Maybe Joe Biden just got his calendar wrong. The National Bureau of Economic Research has declared that the “Great Recession” ended in June 2009 after an eighteen-month negative span, the longest since World War II. That shouldn’t come as a great shock to anyone following GDP numbers, which started turning positive in the third quarter of 2009, the very definition of an end to a recession. However, this also means that another recession won’t technically be a double-dip, but instead a brand-new recession that will entirely belong to the current administration:
The problem isn’t that we are still in a recession, but that we haven’t had much of a recovery. The CNBC hosts note that the NBER warns that most recoveries start with sub-par growth, but we’re more than a year out from the end of the Great Recession and growth is slowing, not accelerating. Even Reuters expects to see less growth in 2011 (2.4%) than they predict in 2010 (2.7%), and neither year will have the kind of growth that creates large numbers of new jobs.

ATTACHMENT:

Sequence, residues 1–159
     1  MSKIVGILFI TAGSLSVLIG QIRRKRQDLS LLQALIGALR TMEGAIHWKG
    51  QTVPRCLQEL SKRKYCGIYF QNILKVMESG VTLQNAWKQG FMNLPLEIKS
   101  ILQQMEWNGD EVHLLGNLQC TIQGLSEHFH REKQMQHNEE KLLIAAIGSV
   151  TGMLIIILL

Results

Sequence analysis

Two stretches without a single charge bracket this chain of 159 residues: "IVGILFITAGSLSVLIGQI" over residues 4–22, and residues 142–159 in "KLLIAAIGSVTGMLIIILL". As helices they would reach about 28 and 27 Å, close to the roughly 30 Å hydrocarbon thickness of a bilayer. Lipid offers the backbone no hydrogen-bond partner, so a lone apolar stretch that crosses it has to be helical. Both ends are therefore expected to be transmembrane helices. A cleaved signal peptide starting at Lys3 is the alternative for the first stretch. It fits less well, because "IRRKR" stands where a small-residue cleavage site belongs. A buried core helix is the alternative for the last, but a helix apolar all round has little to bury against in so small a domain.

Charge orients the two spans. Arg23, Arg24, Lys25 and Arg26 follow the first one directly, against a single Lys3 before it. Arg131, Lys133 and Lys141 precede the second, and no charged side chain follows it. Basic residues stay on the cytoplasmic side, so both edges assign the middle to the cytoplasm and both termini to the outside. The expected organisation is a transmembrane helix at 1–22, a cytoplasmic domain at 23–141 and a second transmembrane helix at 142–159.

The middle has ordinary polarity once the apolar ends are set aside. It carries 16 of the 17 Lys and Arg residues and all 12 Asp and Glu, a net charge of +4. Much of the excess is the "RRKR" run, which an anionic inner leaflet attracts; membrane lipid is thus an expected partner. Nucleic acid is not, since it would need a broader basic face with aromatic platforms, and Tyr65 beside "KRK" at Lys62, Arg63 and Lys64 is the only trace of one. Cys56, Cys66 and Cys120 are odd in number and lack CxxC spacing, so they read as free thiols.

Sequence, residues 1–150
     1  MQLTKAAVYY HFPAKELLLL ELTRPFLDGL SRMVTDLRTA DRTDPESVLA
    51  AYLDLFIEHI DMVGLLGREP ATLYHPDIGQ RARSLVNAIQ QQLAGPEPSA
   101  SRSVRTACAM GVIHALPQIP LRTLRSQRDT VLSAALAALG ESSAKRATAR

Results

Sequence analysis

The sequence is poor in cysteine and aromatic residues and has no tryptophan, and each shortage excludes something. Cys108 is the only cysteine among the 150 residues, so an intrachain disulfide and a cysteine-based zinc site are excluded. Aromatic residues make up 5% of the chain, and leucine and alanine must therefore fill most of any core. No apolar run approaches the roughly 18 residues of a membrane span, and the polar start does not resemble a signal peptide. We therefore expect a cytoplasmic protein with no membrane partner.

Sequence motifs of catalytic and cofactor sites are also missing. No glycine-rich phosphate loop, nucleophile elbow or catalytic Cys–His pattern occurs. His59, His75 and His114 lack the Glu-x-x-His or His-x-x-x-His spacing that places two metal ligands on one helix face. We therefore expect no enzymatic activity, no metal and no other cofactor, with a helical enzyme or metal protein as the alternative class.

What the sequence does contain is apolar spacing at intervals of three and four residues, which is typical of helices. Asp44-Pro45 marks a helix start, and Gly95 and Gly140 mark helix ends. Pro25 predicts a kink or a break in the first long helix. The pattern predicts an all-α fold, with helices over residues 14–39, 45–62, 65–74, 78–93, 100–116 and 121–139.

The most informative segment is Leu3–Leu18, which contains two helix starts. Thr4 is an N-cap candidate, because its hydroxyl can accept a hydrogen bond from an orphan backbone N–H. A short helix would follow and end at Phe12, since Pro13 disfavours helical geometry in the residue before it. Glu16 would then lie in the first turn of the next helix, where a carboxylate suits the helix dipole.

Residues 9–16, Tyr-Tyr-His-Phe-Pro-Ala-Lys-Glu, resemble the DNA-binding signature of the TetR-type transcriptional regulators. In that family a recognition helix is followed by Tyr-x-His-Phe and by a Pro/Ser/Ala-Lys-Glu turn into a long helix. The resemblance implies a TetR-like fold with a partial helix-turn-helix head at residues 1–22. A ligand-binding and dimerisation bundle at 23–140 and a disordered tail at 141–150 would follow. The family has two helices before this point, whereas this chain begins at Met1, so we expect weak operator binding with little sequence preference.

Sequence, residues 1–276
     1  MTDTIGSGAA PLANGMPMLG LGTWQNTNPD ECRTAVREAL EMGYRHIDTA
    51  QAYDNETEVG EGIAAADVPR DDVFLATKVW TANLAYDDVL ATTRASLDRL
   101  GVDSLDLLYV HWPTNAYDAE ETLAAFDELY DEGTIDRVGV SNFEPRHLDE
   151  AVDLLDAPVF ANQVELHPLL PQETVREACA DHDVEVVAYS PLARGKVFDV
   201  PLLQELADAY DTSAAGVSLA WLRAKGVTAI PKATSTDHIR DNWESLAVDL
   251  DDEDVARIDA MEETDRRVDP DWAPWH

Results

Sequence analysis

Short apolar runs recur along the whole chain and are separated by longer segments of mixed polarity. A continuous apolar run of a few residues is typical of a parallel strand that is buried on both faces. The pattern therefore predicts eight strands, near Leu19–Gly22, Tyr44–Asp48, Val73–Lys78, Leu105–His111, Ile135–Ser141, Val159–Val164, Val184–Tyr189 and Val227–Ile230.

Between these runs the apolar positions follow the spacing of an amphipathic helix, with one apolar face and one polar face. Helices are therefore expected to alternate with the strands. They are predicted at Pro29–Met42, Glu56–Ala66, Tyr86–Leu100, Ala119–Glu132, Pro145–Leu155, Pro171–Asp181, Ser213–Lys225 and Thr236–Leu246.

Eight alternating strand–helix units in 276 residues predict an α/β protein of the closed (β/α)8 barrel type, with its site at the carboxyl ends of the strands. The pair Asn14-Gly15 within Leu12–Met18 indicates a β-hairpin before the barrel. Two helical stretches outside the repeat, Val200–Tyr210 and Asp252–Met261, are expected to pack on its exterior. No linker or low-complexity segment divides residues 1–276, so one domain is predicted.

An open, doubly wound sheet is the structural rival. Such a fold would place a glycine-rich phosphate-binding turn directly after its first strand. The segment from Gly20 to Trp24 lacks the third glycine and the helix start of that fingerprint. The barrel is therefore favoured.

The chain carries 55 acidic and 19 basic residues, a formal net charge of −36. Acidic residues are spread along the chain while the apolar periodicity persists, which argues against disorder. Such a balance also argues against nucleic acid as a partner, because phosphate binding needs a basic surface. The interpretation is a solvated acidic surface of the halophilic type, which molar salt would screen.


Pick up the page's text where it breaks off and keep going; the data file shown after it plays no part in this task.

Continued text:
Regardless of the lack of negative numbers, the economy doesn’t have the feel of a recovery, with dropping demand and high unemployment. It has the feel of stagnation at poor levels of a similar kind to the 1970s, only without the inflation. It won’t take much to push the economy back into recession, and if that happens, Barack Obama and his economic policies will get all of the blame.